In 2016 in Lancashire, Mohammed Yousaf, a father of two, was persuaded by his new wife Rukhsana Bibi to take out life insurance with her as the beneficiary. Within six months, he was beaten and killed by Muhammed Arif, the married brother of Rukhsana's ex-husband, who was having an affair with her. The pair were sentenced to life imprisonment. The insurance policy was judged to have been fraudulent, so no money was awarded.
Other people have survived attempts to murder them for their life insurance, and helped to improve the safeguards that aim to prevent such crimes.
For example, in Hull in 2013, a hitman was hired to kill Andrew Burr, a man whose wife persuaded him to increase his life insurance policy and paid the premiums for him even after they separated. The hitman instead went to the police. The man who had hired him (who was having an affair with Burr's wife) was convicted of conspiracy to murder and a string of other charges.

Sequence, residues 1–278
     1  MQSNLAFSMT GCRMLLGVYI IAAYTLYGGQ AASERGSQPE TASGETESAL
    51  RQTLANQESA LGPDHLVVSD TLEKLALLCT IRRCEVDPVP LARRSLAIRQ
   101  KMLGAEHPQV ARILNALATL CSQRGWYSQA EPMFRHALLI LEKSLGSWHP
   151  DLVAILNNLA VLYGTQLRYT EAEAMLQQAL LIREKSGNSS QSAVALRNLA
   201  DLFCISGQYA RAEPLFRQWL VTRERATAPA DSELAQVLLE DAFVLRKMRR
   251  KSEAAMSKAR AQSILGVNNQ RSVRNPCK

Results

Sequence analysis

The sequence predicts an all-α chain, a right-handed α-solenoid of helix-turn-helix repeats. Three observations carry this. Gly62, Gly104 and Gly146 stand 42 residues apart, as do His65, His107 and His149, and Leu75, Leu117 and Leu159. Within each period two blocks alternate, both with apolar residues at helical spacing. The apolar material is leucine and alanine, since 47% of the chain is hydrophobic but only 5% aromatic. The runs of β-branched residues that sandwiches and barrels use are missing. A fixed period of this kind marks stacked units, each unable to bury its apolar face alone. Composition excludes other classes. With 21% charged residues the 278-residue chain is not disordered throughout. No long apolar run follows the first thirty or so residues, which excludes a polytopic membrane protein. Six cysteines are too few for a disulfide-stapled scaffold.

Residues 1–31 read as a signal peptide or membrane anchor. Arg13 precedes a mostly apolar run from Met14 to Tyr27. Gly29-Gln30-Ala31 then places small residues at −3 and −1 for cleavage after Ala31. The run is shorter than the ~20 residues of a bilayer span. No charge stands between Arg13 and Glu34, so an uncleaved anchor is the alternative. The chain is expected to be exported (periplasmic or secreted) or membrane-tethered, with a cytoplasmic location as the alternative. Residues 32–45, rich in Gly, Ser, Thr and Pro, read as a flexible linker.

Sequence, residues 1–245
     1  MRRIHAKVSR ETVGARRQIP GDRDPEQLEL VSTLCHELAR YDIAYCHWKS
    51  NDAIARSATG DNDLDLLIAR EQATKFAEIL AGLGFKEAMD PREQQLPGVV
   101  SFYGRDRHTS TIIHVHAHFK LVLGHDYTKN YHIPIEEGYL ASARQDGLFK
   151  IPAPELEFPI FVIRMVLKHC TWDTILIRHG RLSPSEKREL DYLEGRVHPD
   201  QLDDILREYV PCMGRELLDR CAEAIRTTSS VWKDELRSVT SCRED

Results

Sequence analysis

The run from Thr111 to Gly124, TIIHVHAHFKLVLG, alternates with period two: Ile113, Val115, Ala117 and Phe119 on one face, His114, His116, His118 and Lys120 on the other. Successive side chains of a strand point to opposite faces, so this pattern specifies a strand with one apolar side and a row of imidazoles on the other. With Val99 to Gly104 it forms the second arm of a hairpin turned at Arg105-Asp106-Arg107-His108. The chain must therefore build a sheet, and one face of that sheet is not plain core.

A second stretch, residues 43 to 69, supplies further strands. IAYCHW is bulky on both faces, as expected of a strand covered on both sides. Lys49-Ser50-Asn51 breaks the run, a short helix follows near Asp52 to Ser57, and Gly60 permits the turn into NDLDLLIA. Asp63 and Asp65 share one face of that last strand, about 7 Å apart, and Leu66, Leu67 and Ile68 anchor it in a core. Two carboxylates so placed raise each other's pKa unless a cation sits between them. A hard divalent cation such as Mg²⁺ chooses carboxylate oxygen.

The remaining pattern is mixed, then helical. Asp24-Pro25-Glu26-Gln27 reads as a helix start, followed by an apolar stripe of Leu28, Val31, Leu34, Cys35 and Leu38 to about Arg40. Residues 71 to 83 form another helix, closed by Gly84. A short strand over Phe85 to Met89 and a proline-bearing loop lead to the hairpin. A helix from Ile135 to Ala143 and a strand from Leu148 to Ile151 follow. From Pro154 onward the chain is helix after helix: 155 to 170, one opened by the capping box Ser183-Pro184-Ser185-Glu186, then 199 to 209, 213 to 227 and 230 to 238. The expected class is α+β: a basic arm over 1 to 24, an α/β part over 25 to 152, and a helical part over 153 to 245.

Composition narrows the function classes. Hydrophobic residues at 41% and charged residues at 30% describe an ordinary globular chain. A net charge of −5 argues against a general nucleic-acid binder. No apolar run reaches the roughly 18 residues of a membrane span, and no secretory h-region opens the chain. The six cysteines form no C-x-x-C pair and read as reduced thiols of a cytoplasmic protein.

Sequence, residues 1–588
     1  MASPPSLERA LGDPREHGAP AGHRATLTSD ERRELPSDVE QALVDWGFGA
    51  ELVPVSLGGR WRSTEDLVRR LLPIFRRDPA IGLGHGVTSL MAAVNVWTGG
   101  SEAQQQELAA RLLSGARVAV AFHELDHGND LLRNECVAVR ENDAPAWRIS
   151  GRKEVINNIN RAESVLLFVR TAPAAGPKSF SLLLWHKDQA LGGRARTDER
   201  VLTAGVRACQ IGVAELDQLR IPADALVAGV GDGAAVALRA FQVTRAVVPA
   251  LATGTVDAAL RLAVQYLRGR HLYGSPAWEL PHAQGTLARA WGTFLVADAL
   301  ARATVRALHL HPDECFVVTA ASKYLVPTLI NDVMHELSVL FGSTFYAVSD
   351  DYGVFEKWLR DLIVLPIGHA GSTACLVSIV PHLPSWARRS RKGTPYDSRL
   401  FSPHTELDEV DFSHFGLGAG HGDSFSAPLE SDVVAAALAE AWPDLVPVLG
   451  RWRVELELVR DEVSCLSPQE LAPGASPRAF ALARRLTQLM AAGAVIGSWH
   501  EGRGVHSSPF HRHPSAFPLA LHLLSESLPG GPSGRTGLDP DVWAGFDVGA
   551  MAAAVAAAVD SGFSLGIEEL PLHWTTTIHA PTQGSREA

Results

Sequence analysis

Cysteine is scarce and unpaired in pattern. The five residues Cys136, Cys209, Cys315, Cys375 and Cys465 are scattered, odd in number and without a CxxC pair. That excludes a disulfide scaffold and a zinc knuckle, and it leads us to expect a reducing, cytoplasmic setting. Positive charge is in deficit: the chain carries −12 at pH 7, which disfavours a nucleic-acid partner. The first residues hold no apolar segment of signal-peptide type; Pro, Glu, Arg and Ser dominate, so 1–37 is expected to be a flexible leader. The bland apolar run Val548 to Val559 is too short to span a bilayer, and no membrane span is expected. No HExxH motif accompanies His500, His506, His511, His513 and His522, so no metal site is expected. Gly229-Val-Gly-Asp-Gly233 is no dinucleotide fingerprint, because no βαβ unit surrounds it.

In 1990 in Florida, Edmund Bodine sued his insurance company for damages after having had to go into hiding in 1983 when the FBI discovered a plot to murder him for his $2 million life insurance. He and his colleague Philip Yordan, who had both had insurance taken out on them by William Stroup, asked for the policies to be cancelled in November 1983, but it took a lawyer's demand to the president of the insurance company before the policies were cancelled in December 1983. The insurance company was judged to have been negligent and was ordered to pay Bodine $75,000 for lost earnings, $2,000 for out-of-pocket expenses and $1,000,000 for pain and suffering.